European Social Survey has high impact
An independent report commissioned by the ESS HQ has found that the European Social Survey (ESS ERIC) has high levels of academic, teaching and non-academic impact across Europe.
The Impact Study was undertaken by Technopolis Group (UK), who were awarded the work following an open tender process carried out by the ESS ERIC.
When it comes to academic impact, the report established that there are over 2,700 ESS-based academic publications, of which over 900 are journal articles listed in the Web of Science.
The bibliometric analysis - undertaken by the Centre for Science and Technology Studies (CWTS) - revealed that 22% of these journal articles are amongst the top-10% most cited articles within their field, 12% above the expected average.
Technopolis analysed information about over 100,000 ESS data users and found that the highest proportion of users define themselves as students (63.7%) followed by faculty and research (19.2%).
The study established that more than 20 universities across Europe have over 500 registered users, indicating widespread teaching use in these organisations.
The report also found that in many other institutions, lecturers often download the data themselves and distribute it amongst their students for analysis.
When it comes to non-academic impact, the report identified numerous examples where ESS data has had an influence on public policy, changes in the law and use by public, private and charitable organisations.
The Impact Study included an annex detailing 36 case studies of academic, teaching and non-academic impact in current member and observer countries.
The ESS is widely used as a teaching resource at a number of institutions across Europe, including University of Vienna, University of Geneva, Charles University Prague, Masaryk University, University of Tartu, Sciences Po, Radboud University Nijmegen, University of Ljubljana and Umeå University.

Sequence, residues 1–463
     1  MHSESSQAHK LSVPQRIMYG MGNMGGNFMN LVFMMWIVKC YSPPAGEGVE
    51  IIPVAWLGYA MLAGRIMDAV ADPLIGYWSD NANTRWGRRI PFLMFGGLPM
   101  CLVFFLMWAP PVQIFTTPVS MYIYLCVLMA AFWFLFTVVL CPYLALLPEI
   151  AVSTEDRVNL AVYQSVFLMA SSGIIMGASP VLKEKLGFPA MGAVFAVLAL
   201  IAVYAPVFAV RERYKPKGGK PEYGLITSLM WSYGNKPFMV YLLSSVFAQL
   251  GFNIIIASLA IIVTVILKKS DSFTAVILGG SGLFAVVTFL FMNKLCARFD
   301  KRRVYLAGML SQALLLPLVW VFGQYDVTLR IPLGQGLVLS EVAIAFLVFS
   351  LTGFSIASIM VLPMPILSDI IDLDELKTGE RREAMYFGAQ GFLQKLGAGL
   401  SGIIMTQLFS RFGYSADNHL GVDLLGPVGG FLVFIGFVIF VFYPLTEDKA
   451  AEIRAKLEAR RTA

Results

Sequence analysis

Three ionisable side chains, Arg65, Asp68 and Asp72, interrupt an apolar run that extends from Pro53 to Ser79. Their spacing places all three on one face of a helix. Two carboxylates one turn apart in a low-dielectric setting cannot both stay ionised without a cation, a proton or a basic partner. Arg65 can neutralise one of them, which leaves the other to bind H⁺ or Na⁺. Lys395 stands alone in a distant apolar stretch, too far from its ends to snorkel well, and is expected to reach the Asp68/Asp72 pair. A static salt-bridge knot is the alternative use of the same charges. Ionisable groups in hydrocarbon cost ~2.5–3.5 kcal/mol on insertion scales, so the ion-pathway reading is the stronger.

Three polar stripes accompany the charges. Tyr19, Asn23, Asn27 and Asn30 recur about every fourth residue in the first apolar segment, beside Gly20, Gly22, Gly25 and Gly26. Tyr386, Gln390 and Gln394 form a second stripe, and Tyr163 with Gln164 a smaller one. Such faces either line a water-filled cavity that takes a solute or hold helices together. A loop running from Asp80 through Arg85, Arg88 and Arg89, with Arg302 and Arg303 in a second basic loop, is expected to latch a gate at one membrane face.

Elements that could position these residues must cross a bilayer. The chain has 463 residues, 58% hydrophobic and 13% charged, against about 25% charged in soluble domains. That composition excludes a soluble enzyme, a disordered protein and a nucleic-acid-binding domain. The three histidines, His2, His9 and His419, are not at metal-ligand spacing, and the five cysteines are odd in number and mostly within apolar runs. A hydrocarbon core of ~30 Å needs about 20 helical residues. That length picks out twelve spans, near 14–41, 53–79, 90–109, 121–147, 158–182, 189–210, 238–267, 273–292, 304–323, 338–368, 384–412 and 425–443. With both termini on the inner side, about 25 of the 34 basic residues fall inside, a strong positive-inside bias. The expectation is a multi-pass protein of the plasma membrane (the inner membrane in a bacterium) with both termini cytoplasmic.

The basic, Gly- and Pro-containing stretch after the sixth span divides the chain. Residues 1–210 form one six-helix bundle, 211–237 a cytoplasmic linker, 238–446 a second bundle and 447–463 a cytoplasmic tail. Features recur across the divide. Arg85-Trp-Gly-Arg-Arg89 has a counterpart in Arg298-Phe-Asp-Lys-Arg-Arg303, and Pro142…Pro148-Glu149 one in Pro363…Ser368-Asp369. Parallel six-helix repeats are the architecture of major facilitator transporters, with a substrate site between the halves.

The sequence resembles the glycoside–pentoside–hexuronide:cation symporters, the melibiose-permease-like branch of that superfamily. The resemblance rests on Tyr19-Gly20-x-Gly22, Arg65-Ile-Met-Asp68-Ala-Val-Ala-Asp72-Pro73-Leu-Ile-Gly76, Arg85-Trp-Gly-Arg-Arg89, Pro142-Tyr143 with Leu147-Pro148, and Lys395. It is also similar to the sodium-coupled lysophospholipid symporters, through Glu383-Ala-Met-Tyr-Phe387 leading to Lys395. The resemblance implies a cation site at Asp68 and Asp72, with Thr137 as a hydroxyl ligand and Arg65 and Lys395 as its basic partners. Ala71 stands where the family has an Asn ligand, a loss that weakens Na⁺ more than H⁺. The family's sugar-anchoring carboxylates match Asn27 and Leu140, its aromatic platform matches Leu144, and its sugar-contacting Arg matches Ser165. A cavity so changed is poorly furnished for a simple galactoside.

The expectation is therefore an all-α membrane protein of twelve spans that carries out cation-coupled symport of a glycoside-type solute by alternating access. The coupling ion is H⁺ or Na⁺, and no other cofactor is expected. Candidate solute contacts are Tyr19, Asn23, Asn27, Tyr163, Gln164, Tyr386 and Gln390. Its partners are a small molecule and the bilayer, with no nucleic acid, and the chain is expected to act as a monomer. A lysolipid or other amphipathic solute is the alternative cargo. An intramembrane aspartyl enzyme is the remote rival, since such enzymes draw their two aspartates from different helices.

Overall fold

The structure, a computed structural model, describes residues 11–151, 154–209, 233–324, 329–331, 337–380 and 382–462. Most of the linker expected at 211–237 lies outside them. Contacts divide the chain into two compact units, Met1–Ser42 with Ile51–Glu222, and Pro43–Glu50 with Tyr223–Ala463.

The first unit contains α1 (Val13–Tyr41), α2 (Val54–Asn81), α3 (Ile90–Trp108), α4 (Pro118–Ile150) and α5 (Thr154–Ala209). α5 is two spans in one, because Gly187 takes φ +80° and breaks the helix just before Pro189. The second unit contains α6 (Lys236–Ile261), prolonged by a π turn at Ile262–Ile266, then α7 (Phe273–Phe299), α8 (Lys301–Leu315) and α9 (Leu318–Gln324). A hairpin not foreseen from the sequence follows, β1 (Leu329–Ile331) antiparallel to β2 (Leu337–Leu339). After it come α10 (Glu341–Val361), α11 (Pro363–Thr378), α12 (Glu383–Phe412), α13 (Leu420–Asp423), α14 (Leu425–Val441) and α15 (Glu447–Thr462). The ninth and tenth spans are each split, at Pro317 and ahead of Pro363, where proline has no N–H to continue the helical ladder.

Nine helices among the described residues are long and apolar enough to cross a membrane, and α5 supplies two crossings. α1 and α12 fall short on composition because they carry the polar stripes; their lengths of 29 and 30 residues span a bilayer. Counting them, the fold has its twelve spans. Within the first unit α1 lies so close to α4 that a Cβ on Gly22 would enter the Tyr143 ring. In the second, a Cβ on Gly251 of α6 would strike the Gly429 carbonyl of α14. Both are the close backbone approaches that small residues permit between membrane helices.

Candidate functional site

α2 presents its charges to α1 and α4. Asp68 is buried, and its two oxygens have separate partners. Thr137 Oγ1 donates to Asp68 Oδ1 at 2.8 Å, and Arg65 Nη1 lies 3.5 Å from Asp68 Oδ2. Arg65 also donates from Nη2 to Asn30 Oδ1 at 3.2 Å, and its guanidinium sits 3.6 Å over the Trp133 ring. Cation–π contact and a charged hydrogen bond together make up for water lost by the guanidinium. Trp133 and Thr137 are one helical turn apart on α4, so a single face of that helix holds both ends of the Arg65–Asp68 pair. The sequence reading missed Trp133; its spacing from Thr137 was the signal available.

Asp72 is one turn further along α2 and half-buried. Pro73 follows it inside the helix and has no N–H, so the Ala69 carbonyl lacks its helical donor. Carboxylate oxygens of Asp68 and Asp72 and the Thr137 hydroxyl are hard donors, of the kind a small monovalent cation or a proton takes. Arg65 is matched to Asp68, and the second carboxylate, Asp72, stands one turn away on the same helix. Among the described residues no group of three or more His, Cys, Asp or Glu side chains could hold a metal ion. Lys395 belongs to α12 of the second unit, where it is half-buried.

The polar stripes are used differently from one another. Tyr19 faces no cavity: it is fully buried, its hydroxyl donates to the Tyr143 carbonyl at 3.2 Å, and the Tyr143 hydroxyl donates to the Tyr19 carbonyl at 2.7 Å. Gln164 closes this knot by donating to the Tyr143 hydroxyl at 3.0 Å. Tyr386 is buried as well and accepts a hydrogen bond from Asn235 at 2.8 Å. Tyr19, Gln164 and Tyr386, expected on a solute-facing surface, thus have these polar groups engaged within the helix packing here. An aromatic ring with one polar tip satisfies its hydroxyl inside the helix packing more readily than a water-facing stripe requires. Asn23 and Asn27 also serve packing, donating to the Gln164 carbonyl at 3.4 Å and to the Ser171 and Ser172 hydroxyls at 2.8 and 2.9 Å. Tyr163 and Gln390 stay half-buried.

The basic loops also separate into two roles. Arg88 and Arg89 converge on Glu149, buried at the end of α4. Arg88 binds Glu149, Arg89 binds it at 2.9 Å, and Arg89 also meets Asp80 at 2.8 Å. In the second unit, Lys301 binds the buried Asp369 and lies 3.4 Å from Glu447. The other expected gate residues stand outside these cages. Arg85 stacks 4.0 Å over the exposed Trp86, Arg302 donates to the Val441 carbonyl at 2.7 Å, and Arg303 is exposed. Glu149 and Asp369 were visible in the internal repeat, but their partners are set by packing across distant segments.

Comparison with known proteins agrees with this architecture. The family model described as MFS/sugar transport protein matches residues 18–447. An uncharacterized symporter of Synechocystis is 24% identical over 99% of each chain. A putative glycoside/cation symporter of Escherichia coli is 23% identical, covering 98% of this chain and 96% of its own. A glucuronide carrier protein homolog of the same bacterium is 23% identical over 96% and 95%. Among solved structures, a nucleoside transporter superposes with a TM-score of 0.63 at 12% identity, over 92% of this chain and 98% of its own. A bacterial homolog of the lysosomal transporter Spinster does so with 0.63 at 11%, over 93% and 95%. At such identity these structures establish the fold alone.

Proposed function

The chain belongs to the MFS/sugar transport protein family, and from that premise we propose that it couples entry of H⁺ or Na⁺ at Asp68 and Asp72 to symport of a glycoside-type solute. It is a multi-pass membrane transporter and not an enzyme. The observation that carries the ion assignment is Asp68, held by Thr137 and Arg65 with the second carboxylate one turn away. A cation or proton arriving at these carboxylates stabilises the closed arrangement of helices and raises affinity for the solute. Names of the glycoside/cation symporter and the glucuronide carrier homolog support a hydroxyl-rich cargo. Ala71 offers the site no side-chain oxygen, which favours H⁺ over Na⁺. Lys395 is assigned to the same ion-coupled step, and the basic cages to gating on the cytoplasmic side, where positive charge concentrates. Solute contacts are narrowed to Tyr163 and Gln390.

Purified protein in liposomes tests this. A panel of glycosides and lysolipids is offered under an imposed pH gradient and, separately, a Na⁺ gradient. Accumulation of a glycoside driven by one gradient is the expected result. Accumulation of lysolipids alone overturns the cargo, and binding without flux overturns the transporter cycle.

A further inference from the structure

The report highlighted the use of ESS data within the Active Ageing Index (AAI) - a tool created by the United Nations Economic Commission for Europe (UNECE) and the European Commission through DG EMPL (Employment, Social Affairs and Inclusion).
ESS data contributed in the process of preparing the Estonian Strategy of Children and Families 2012-2020 with data collected contributing to internal policy discussions at the Ministry of Social Affairs.
The Centre for Judicial Studies (Centro de Estudos Judiciários, CEJ) in Portugal now includes data on the evaluation of justice and trust in judicial institutions in the curriculum for the training of future judges and public prosecutors.
Director of the ESS, Professor Rory Fitzgerald, said: “The report provides us with a rich evidence base that demonstrates the wide extent of our impact in the academic world and beyond. The case studies included in the annex alone provide incredible examples of the influence of the ESS.
“We will look to take on board the recommendations made to help ensure the future sustainability of the infrastructure. Many of the suggestions made by Technopolis with regard to the dissemination and publicising of ESS data outside of the academic world are already being implemented.”
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